I’ve just been watching ‘The World According to Monsanto’. It’s pretty compelling stuff. As one of the contributors says,
“Seed is more powerful than bombs, more powerful than guns”
and given that, you’d have thought that we’d be a little more careful about what we do it.
70% of the food in the USA contains bio-engineered ingredients. They are not allowed by law to label if a product contains GM ingredients.
Monsanto has repeatedly falsified studies, bribed, and spread misinformation, sometimes even allowing their agents to masquerade as scientists to run a smear campaign against those scientists who contest their studies.
This is simply bad science.
I’m not anti-GM crops, but I do think that progressing at such speed, with such scant and ambiguous positive evidence, is dangerous folly. This is, after all, the whole world’s food supply we’re talking about.
In fact this whole documentary is basically about bad science: tailoring interpretations to achieve economic ends. It’s worth having a watch. It’s even conveniently divided up into bite-sized 10 minute chunks.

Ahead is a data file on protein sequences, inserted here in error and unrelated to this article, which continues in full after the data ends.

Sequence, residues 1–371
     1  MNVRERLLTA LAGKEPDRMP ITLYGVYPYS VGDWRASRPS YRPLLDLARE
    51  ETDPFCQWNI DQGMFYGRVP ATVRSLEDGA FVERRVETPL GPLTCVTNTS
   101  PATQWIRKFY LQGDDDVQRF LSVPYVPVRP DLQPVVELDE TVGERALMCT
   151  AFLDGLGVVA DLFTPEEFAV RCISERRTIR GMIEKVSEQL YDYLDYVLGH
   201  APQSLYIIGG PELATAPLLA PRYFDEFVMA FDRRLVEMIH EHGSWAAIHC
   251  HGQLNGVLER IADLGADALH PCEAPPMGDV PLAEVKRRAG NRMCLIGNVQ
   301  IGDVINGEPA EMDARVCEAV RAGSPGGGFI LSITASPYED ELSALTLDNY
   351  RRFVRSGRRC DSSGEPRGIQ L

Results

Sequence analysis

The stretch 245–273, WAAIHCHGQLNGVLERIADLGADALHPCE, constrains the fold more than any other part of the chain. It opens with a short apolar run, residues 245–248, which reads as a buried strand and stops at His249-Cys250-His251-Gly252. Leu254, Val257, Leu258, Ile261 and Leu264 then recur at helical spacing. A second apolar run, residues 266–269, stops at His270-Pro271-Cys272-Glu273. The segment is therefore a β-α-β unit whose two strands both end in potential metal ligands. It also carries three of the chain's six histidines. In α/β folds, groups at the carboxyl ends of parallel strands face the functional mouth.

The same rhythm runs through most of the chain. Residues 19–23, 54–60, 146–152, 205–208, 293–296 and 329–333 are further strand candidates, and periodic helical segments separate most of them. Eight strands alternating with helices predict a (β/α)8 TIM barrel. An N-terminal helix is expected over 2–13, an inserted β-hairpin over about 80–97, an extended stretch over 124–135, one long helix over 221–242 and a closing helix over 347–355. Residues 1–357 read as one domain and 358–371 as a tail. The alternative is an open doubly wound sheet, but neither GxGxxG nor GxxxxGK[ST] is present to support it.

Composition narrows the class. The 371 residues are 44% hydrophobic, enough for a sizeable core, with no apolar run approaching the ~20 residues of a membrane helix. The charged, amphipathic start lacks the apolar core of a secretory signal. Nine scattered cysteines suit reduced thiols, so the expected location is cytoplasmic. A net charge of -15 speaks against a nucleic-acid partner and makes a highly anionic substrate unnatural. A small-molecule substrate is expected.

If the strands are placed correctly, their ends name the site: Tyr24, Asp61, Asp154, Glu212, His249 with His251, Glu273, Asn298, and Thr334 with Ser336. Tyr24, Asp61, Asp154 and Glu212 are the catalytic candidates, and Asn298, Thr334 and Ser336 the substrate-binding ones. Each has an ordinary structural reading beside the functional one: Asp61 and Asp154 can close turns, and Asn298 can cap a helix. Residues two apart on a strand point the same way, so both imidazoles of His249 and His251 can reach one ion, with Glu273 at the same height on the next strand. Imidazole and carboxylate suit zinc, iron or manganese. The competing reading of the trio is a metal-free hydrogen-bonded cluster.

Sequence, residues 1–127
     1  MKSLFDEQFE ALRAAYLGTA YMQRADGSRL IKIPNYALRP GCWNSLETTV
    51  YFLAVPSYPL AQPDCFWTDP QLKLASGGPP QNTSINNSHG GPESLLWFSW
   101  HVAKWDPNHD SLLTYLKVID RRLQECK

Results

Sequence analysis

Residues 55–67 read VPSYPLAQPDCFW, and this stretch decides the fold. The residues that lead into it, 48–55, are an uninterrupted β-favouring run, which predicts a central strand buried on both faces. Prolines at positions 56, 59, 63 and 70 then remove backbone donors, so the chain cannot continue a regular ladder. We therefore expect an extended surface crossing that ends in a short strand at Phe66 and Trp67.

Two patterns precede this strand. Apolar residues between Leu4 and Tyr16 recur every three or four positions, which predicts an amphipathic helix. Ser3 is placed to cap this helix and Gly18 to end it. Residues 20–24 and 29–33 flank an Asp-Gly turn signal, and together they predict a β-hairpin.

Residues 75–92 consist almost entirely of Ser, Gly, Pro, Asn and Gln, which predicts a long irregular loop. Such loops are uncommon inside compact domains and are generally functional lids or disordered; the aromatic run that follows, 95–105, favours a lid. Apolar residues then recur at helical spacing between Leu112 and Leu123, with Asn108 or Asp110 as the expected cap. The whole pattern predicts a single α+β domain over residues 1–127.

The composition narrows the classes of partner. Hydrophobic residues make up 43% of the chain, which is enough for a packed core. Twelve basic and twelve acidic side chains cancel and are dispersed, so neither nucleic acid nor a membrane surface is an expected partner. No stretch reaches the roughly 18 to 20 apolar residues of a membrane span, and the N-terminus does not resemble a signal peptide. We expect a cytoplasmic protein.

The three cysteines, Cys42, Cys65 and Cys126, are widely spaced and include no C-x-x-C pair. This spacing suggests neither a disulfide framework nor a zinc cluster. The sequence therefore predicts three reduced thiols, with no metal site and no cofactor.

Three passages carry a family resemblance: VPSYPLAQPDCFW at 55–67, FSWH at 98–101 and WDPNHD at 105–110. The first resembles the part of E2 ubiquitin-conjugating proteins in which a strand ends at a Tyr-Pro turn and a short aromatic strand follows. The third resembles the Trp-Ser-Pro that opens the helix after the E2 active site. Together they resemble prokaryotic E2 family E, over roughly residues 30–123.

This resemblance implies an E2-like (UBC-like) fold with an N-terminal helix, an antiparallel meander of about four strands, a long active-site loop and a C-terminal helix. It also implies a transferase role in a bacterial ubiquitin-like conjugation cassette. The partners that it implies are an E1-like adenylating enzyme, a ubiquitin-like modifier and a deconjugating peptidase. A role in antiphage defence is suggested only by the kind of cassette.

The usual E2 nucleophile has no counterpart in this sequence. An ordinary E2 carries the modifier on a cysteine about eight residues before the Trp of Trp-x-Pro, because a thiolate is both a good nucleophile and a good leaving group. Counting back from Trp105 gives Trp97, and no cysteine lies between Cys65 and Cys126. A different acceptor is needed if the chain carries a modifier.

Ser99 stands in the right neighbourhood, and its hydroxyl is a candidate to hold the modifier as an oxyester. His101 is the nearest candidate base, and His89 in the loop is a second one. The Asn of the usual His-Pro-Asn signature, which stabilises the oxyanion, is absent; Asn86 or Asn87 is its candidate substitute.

Summary of arguments against GM crops:
- Don’t do what they say
- Tested to only very low standards, riding on a ‘substantial equivalence’ test (NB this similar to how Thalidomide occured)
- Can not be contained and can thus undermine the genes of related and non-related organisms.
- Create dependency on chemical companies
- Take from the soil without putting back
- Reduce biodiversity and encourage monoculture
- Contribute to the spread of antibiotic resistance
- Genes can mutate with harmful effect
- “Sleeper” genes could be accidentally switched on and active genes could become “silent”
- They impact on birds, insects and soil biota
- Transfer of allergenic genes, triggering reactions in humans and animals
- Mixing of GM products in the food chain
- Transfer of antibiotic resistance
- Loss of farmers’ access to plant material since keeping seeds it not permitted both by legal terms, and terminator and / or traitor genes
- Intellectual property rights could slow research